Words of wisdom from the meeting:

Dr. Charles Sawyers on deciding to be a physician-scientist
I asked him what was the time between him being a history major and his post doctoral time he decided to pursue a career as a physician scientist and what general advice he had for us as we were engaging with this idea. To this he said it has to be a, “conscious commitment to get of the usual track.” We have to be comfortable getting of the train heading in the usual direction. Sometimes that may involve turning down a clinical leadership position during your post doc to instead focus more on your science. Whatever we decide, it has to be an intentional decision instead of coasting.
Dr. Vivian Cheung on mentorship
The Med Fellows had a lunch with her which was really structured and got us to think critically about the differences between a physician and a scientist. She stressed the importance of mentorship and having the right people in our corner to help us protect our lab time when we still have to see patients etc. “You need someone who will pick up the phone and advocate for you.”
Dr. Len Zon on assessing your weaknesses
He told us about how he mentors his trainees. He writes down a big flaw each one has that he thinks will hold them back, and they work on a plan to improve together. Then, we all talked about what we thought could hold us back. Mine was my fear that people would one day discover that although I am passionate about what I do, I am just not as good at the science.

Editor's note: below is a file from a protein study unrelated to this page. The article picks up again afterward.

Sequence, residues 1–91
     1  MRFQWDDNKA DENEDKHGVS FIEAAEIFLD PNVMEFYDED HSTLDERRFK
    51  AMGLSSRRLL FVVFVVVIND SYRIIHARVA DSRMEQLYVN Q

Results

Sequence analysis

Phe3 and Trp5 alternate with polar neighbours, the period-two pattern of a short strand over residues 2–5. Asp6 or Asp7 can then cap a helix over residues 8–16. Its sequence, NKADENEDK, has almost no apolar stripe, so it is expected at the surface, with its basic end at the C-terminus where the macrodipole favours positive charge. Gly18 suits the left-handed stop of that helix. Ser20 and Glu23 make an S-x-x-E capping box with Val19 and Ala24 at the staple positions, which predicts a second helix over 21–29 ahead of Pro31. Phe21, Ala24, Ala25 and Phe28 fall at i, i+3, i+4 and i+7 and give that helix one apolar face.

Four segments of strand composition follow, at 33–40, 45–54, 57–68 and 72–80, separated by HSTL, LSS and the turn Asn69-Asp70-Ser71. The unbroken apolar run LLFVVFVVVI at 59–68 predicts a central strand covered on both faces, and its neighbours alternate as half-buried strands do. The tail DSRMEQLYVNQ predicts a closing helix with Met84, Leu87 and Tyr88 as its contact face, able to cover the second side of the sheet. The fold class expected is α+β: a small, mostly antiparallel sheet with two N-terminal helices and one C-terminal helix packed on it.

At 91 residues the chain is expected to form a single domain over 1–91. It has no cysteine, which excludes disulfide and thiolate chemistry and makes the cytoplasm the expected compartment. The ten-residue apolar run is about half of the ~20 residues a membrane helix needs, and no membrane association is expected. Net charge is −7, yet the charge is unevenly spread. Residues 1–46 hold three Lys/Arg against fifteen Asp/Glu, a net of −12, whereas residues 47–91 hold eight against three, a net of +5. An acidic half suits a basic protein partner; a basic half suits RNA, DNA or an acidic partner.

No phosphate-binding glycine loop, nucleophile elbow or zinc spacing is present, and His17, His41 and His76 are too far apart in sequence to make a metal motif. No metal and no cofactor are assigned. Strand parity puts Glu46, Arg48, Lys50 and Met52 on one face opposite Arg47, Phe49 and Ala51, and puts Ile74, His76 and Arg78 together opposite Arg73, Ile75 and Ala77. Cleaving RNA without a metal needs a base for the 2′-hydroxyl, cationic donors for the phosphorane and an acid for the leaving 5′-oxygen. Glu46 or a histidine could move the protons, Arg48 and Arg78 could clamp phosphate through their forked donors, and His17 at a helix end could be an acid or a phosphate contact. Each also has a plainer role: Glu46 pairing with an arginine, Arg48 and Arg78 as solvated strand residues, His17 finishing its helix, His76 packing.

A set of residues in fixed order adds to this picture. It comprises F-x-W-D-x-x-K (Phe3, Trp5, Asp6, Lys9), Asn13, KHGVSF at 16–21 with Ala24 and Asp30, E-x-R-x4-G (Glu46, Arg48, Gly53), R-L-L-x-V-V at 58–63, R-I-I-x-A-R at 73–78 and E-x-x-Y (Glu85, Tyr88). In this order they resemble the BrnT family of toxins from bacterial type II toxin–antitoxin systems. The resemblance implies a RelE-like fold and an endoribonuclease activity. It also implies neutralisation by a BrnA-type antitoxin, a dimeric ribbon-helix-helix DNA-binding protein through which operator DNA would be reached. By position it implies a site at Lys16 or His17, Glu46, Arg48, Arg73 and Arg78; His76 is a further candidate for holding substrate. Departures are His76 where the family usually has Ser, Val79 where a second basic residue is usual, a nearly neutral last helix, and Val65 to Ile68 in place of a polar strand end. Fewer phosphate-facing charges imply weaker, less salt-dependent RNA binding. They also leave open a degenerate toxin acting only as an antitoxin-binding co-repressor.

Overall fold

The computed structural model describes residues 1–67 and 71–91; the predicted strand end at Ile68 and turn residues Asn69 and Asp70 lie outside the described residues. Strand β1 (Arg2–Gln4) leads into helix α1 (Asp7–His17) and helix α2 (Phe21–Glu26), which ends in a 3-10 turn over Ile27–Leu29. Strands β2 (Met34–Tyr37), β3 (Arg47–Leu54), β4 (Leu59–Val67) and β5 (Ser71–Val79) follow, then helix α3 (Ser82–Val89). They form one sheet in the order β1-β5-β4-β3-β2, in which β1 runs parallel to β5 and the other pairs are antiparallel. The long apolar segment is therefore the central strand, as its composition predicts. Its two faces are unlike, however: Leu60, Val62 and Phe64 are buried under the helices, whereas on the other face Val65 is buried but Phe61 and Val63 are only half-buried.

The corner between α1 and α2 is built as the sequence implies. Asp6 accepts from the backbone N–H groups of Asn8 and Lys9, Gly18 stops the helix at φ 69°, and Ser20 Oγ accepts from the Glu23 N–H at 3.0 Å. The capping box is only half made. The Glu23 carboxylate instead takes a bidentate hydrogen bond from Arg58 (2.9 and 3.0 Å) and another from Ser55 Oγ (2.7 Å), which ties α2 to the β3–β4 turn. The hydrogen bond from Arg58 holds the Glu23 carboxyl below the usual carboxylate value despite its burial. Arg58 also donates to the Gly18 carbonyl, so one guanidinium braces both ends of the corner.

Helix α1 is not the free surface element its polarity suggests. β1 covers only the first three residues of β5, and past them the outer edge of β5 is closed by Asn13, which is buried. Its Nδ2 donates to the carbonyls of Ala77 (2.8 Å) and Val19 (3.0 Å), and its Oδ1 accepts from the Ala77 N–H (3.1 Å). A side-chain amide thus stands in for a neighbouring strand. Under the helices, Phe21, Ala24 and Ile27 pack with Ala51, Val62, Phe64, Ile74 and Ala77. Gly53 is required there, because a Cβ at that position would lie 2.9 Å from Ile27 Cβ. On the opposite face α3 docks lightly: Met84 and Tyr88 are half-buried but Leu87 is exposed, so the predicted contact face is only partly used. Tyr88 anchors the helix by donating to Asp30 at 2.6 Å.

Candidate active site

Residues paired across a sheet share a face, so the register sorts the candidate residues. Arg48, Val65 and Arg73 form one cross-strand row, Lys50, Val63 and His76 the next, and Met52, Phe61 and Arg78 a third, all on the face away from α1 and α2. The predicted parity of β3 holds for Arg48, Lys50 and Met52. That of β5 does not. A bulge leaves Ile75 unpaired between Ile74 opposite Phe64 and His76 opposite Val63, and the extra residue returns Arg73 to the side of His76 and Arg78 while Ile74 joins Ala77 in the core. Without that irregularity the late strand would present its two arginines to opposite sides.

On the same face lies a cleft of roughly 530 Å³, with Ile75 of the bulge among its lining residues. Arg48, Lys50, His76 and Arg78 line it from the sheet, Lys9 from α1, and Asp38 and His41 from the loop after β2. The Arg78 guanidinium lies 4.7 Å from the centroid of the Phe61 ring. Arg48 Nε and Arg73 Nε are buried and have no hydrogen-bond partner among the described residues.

He advised me to act more confident than I feel and that this insecurity is what many feel and something he has struggled with. He said to let it fuel me and motivate me to be the person I want to project to others.

 

I also had the opportunity to visit old friends as well as see some memorials/museums in DC! It was a fabulous trip. The museum of African American History and Culture was a particularly powerful place for me to visit.

Yes to Marching

As wonderful January has been for me personally, it was a very sad week for many of us as a new era of American politics began. This will forever be a stain on our history, and I decided to be a part of the women’s march. I will preface this with, yes I know that 53% of white women in the country voted for Donald Trump. I will not forget that, but as a black woman, I know where I stand. As a Christian black woman I know where I stand.

I choose to stand with the marginalized and to grieve with them and fight with them.

I chose to have my body be one of the 125k bodies in Boston and over 3 million around the world demonstrating that she would NOT tolerate a president like Donald Trump.

I considered staying in and sleeping a bit longer. I hoped that some friends of mine could join me, but they could not for their varying reasons. But instead of waiting and saying, “no.” I decided to say “yes.”

You do not need people to come with you.

You can say yes.

You do not need to be affirmed.

You can say yes.

Do what is right for you. Do it in wisdom.

2017 will be my year of yes. How about you?

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“That whenever any Form of Government becomes destructive of these ends, it is the Right of the People to alter or abolish, and to institute new Government, laying its foundation on such principles and organizing its powers in such form, as to them shall seem most likely to effect their Safety and Happiness” – The Declaration of Independence